Our south of the borough correspondent, PEARL LEE, on the disposal of another of Croydon’s heritage assets – with a listed building being rented out on the cheap to a multi-million-pound education company that charges its pupils up to £81,000 per year
There’s growing fears that Croydon’s cash-strapped council is about to agree to a set of works, including ugly prison camp-style fencing, which will shut out the public from one of the borough’s long-cherished gardens – and all done on the cheap for the benefit of a multi-million-pound education business.
Heathfield House, in the Addington Hills, was bought by the council in the 1960s upon the death of its owner, Raymond Riesco. Riesco also left to Croydon his collection of priceless Chinese ceramics, some of which remain on display in the Museum of Croydon.
But it was an act of blatant Philistinism by the Croydon Tories when they were last in control of the Town Hall that saw them flog off a valuable selection of the Riesco Collection (they didn’t even get best price for the precious pots, at the cost of millions of pounds to the people of Croydon). The sale led to the Museum of Croydon being stripped of its accreditation with Arts Council England.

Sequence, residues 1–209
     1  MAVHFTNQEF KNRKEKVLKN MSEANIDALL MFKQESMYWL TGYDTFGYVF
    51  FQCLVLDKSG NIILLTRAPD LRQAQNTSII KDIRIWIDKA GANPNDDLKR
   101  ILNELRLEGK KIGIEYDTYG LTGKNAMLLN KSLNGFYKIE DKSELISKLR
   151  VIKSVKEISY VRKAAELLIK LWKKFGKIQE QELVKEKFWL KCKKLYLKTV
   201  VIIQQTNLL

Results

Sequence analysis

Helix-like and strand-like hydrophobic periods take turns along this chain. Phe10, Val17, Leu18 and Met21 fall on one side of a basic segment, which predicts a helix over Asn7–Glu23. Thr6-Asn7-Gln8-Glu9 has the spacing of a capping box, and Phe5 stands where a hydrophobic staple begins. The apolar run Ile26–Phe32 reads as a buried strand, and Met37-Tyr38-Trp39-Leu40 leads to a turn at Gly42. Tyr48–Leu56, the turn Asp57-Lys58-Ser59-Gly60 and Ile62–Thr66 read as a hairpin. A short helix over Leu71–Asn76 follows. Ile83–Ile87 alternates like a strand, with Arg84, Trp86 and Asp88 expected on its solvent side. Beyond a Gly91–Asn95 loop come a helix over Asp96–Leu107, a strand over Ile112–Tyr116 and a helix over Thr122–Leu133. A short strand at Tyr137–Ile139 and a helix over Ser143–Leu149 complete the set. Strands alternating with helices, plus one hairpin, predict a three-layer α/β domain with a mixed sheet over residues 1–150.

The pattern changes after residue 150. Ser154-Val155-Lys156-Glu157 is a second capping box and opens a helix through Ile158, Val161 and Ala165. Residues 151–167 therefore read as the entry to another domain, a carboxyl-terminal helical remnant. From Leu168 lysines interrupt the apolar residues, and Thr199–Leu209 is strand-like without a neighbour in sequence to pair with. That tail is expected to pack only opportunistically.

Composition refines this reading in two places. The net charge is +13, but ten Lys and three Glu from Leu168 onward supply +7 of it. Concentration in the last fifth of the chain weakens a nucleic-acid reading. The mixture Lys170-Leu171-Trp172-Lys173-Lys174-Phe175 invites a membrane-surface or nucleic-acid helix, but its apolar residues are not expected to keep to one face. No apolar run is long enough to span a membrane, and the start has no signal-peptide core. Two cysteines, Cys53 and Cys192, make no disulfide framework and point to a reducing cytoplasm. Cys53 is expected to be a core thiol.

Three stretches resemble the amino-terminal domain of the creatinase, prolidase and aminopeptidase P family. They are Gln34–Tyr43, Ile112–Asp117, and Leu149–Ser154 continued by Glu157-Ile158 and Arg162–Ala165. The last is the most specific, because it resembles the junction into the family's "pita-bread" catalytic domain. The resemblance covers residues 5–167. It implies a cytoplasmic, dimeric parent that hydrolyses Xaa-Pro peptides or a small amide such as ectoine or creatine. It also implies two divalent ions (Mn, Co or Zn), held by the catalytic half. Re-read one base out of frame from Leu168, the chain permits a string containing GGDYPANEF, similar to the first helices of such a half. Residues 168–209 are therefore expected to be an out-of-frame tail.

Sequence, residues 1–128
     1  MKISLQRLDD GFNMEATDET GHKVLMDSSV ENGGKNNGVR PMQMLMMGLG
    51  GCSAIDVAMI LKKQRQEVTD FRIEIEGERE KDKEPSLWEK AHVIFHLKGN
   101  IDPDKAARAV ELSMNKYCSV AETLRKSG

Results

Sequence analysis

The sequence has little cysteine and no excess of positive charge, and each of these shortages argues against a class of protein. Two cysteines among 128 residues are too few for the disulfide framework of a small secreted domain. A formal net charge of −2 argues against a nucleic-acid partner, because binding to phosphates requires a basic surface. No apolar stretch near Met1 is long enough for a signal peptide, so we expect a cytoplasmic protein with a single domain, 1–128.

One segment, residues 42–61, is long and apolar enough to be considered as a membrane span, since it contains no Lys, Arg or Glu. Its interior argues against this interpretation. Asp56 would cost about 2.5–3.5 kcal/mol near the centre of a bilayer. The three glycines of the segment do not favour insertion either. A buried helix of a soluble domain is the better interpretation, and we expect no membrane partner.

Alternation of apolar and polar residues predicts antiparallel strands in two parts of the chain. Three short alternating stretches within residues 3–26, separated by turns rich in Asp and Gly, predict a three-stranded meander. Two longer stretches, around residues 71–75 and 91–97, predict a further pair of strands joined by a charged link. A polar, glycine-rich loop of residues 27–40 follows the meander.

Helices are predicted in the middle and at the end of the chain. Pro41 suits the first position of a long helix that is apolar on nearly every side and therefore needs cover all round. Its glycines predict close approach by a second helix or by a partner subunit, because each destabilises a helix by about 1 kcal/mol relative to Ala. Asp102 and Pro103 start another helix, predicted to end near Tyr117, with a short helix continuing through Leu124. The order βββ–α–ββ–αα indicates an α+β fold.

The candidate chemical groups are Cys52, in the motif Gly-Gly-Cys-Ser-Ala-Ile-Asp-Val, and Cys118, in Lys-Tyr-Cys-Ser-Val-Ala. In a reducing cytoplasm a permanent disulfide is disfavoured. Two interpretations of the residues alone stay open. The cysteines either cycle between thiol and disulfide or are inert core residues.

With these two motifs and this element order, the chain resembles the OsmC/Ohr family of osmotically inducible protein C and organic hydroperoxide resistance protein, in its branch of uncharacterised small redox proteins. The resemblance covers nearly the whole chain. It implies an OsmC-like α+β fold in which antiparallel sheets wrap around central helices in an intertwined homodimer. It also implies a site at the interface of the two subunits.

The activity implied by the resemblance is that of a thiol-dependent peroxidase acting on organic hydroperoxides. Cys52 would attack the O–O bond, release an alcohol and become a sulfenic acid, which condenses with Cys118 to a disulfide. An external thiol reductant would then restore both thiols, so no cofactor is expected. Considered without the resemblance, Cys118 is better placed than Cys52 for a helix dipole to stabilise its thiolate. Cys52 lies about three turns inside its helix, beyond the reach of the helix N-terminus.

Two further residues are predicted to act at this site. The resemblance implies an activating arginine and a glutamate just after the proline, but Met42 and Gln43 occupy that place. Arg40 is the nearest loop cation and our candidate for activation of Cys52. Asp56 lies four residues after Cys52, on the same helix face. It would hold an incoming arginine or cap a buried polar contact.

Now, the council appears poised to cause further damage to another valuable Riesco relect, the house.
Heathfield House is a Grade II-listed Victorian villa on Coombe Lane that sits on a high point in the hills, with dramatic views southwards down Gravel Hill across farm fields towards New Addington.
While the building has been under-used by the council, mainly as a training centre for council staff for much of the last 60 years, the building has been poorly maintained and neglected.
In contrast, the formal gardens and plant and trees collection have been well cared for and much-enjoyed by residents for afternoon strolls, and by local ecological groups for fund-raising fetes and other events.